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When Worlds Collide: Doing Theology within a Community

johnchrysostom

This past week, I had the pleasure of attending the Pappas Patristic Institute’s summer program as a Teaching Fellow in training. We had the option of choosing from a number of available courses so I decided to go with “Theodore the Studite and post-Chalcedonian Christologies” (taught by Dr. Thomas Cattoi) and “The Problem of Evil in the Writings of the Fathers” (taught by Dr. David Goodin). It was a great experience of studying and examining the primary sources as a community of learners and students.

One of the difficulties of studying theology within a community is the problem of pride: We all think that we are right in our particular understanding of an author or their work. This type of attitude is not conducive to learning, much less practicing the art of humility. Doing theology within a community can become problematic because it forces us to realize that others’ interpretation may be in stark contrast against our own interpretation. There is a tendency to become incredibly defensive and sometimes, downright hostile in certain situations. Trust me. I know. I have seen it time and time again. “I am right and that’s all there is to it” becomes our primary exegetical tool. There is no room for diversity of thought nor is there room for multiple interpretations. The desire to maintain a level of orthodoxy becomes an excuse to display arrogance and condescension masked in “spiritual” form. Sometimes I wonder if it truly is the “zeal of the Lord” that consumes them or their “zeal to be in the right.” In the way they act, there surely isn’t a lot of godly attributes to be seen and heard.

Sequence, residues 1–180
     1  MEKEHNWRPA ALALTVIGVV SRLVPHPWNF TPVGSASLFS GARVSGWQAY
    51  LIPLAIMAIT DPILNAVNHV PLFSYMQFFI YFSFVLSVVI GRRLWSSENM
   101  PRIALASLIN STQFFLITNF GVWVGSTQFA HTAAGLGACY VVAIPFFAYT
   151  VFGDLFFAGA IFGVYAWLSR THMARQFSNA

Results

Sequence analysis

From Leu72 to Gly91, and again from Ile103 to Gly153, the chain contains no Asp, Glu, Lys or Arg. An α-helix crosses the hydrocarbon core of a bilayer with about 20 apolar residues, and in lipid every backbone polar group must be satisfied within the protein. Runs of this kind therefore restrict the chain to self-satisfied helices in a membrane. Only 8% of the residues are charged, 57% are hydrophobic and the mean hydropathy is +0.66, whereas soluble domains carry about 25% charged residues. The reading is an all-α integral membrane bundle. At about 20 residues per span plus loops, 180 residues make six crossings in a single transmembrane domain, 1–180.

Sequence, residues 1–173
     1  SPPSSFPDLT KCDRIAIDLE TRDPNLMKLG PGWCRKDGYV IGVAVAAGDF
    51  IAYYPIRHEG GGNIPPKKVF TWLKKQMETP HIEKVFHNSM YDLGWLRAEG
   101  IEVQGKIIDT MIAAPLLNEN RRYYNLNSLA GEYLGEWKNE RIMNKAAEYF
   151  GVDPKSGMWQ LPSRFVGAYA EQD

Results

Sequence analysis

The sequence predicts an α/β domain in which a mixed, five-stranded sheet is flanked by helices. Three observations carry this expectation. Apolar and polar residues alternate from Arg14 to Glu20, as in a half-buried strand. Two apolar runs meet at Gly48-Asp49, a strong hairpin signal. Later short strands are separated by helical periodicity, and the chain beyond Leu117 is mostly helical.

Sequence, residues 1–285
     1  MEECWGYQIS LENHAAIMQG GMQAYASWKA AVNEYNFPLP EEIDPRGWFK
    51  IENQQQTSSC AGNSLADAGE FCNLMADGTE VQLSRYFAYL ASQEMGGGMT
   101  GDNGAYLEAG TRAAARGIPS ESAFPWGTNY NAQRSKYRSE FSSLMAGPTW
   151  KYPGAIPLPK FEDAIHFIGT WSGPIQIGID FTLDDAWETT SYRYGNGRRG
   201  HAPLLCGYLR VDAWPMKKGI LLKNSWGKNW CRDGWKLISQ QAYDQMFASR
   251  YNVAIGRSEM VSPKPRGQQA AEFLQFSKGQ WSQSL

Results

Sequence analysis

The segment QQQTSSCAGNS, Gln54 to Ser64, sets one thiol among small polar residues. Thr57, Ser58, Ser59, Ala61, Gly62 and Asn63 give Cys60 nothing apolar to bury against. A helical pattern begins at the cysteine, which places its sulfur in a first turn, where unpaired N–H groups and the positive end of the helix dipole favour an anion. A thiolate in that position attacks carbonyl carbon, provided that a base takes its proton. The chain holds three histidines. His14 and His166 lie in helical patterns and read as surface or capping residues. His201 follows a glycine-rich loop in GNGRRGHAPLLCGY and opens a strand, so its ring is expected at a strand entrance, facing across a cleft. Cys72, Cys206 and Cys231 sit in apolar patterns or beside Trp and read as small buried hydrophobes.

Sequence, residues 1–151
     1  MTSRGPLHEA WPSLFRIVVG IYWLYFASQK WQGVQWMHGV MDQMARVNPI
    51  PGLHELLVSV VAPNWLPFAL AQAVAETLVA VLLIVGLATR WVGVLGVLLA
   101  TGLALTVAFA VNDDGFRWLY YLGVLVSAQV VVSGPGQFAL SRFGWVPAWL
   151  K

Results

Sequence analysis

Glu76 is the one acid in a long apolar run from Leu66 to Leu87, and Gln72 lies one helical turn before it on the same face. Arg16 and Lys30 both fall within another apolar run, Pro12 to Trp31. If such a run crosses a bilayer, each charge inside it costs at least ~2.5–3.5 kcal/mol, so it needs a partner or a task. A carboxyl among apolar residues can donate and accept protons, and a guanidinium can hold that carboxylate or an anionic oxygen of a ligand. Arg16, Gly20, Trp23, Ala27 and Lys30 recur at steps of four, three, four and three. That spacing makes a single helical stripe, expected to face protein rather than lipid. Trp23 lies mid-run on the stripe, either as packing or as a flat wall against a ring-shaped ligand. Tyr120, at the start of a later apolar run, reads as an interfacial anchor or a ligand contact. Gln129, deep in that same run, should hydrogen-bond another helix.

Perhaps, that is one of the reasons why I really enjoyed my time as a Teaching Fellow in training. It was great to hear so many diverse opinions and interpretations as we delved deeply into the texts that were given to us. And by diverse, I don’t necessarily mean that they were so diametrically opposite from one another… there is diversity even in similarity. What others were saying was not necessarily any different from how I would interpret a certain passage. Instead, they highlighted a different facet, approached it in a different angle than what I am normally accustomed to doing. There is beauty in diversity. It doesn’t mean that the concepts of right and wrong are unnecessarily jettisoned as if they didn’t matter. It just means that we need to be open to understanding things in ways that may seem foreign to us. By doing this, it allows us to think and cogitate about what others are saying rather than reflexively shouting down their ideas.

This summer program also convicted me about the power of leadership in being able to transform others. Through the leadership of the Institute’s director, Dr. Bruce Beck, and the numerous teachers who taught the various courses, we were constantly reminded of the need to struggle with the texts and acquire an attitude of humility and a posture of learning. The teachers were reminded not to take a lecture approach. Instead, we were asked to “come and reason together” à la Isaiah 1:18. As a result, I have come away with a humble heart that is more willing to hear someone out rather than use Scriptural passages as a cudgel to drown out their voice.

Not bad for a week of learning.

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Pensées on Love, Homosexuality, and the SCOTUS ruling

lovewins